Tony Blair had three conversations with the media magnate Rupert Murdoch in the nine days before the start of the Iraq war, the Government has disclosed.
Details of the former prime minister's contacts with Mr Murdoch have been released under the Freedom of Information Act. After trying to block disclosure for four years, the Government backed down in a surprise change of heart the day after Mr Blair resigned last month.
Requests for information under the Act were submitted by the Liberal Democrat peer Lord Avebury and The Independent journalist James Macintyre. An appeal was pending and evidence was about to be served in a case before an Information Tribunal.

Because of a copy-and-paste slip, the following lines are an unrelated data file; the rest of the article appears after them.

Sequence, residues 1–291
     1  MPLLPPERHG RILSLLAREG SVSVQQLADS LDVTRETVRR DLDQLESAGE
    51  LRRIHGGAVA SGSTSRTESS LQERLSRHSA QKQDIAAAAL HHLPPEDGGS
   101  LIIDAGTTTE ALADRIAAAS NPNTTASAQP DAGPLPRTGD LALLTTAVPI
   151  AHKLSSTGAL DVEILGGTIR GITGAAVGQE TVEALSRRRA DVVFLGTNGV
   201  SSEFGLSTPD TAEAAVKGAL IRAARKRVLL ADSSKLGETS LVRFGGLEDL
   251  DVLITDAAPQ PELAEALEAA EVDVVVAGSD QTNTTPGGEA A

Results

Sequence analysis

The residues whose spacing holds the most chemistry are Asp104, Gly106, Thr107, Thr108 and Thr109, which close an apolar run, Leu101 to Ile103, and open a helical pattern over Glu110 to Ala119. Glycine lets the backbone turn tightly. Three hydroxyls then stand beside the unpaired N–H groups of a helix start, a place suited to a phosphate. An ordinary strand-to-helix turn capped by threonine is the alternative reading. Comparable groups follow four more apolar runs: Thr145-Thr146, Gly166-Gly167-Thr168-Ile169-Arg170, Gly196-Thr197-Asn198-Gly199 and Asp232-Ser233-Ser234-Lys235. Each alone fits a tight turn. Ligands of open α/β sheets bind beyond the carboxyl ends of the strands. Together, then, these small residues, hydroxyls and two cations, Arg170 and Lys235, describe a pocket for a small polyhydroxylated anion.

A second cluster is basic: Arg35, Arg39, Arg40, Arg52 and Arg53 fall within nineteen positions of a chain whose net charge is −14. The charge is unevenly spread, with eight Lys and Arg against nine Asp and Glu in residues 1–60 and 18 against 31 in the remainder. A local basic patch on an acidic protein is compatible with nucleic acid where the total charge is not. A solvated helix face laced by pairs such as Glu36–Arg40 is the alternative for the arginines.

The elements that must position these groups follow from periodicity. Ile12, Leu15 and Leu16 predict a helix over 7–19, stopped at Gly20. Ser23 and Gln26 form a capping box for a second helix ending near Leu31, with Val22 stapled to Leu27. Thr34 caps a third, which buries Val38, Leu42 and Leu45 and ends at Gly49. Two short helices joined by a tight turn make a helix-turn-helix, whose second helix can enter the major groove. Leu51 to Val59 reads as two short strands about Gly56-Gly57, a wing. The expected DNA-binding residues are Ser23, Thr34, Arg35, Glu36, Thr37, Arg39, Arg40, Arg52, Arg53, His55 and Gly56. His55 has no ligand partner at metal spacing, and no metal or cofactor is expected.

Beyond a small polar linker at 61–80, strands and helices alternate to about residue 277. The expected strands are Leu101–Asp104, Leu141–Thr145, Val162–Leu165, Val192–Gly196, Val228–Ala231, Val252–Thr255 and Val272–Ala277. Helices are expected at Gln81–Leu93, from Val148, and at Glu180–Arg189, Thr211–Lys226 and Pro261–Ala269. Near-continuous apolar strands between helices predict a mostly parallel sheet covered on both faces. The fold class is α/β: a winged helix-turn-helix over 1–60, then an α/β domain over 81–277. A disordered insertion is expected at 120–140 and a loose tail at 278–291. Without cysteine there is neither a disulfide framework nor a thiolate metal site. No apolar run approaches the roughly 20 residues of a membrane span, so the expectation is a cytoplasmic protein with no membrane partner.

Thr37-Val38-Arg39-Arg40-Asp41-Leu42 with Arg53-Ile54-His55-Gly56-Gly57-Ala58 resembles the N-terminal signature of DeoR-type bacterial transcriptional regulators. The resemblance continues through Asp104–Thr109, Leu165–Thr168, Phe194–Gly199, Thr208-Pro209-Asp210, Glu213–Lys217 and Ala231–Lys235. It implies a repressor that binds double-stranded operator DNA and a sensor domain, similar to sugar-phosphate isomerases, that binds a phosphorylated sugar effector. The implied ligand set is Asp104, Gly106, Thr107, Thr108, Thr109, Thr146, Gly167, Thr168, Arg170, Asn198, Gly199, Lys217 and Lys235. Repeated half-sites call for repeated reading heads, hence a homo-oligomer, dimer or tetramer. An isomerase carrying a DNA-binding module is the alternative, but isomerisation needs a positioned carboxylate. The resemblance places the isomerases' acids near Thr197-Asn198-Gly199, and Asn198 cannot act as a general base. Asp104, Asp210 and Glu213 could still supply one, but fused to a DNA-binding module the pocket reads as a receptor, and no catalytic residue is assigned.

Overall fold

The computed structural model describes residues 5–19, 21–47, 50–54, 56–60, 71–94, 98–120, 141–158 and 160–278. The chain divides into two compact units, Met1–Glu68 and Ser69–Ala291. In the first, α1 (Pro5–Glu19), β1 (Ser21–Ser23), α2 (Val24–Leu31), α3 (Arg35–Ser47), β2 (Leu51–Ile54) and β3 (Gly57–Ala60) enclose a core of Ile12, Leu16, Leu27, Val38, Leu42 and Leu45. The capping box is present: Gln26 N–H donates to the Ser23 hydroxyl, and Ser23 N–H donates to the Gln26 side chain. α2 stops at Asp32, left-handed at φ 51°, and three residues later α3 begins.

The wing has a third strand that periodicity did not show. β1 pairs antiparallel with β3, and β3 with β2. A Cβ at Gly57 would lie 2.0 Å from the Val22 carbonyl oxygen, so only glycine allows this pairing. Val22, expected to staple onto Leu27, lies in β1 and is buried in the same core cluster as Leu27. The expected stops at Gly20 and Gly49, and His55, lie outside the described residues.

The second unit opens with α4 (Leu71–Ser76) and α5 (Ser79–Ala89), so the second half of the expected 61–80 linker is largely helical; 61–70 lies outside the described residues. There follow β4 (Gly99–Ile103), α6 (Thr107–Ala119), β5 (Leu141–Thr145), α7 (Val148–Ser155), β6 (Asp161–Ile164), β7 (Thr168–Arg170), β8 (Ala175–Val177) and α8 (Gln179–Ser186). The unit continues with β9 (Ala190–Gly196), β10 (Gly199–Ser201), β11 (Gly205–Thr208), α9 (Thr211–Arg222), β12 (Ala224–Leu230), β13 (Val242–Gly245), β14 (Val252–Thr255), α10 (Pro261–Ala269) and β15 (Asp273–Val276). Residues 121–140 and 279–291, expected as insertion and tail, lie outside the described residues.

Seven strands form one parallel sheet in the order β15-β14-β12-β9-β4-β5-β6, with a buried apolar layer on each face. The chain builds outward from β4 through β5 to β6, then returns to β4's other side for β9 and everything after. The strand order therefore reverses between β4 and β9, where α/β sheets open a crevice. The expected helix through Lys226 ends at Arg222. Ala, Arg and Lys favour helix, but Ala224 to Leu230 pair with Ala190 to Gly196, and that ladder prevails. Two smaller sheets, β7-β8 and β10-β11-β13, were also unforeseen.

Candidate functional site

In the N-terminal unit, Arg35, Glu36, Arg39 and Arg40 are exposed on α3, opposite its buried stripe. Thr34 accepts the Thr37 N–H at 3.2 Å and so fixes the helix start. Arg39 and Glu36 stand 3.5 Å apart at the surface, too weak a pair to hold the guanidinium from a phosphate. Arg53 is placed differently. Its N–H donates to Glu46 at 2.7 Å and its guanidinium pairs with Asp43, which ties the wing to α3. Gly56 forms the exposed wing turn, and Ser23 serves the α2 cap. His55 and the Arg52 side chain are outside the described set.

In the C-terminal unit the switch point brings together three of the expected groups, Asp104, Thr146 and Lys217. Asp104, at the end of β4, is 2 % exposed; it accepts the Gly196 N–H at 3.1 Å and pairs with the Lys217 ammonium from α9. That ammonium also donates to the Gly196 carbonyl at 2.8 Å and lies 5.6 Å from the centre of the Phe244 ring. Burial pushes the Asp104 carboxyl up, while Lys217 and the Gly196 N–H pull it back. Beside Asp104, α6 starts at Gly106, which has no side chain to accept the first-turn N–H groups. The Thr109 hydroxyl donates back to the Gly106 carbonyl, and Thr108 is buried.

Yesterday the Cabinet Office said there were six telephone discussions between Mr Blair and Mr Murdoch in 20 months, all at crucial moments of his premiership. The subject of their calls was not revealed.
In 2003, Mr Blair phoned the owner of The Times and The Sun on 11 and 13 March, and on 19 March, the day before Britain and the United States invaded Iraq. The war was strongly supported by Murdoch-owned newspapers around the world. The day after two of the calls, The Sun launched vitriolic attacks on the French President Jacques Chirac. The Government quoted him as saying he would "never" support military action against Saddam Hussein, a claim hotly disputed by France.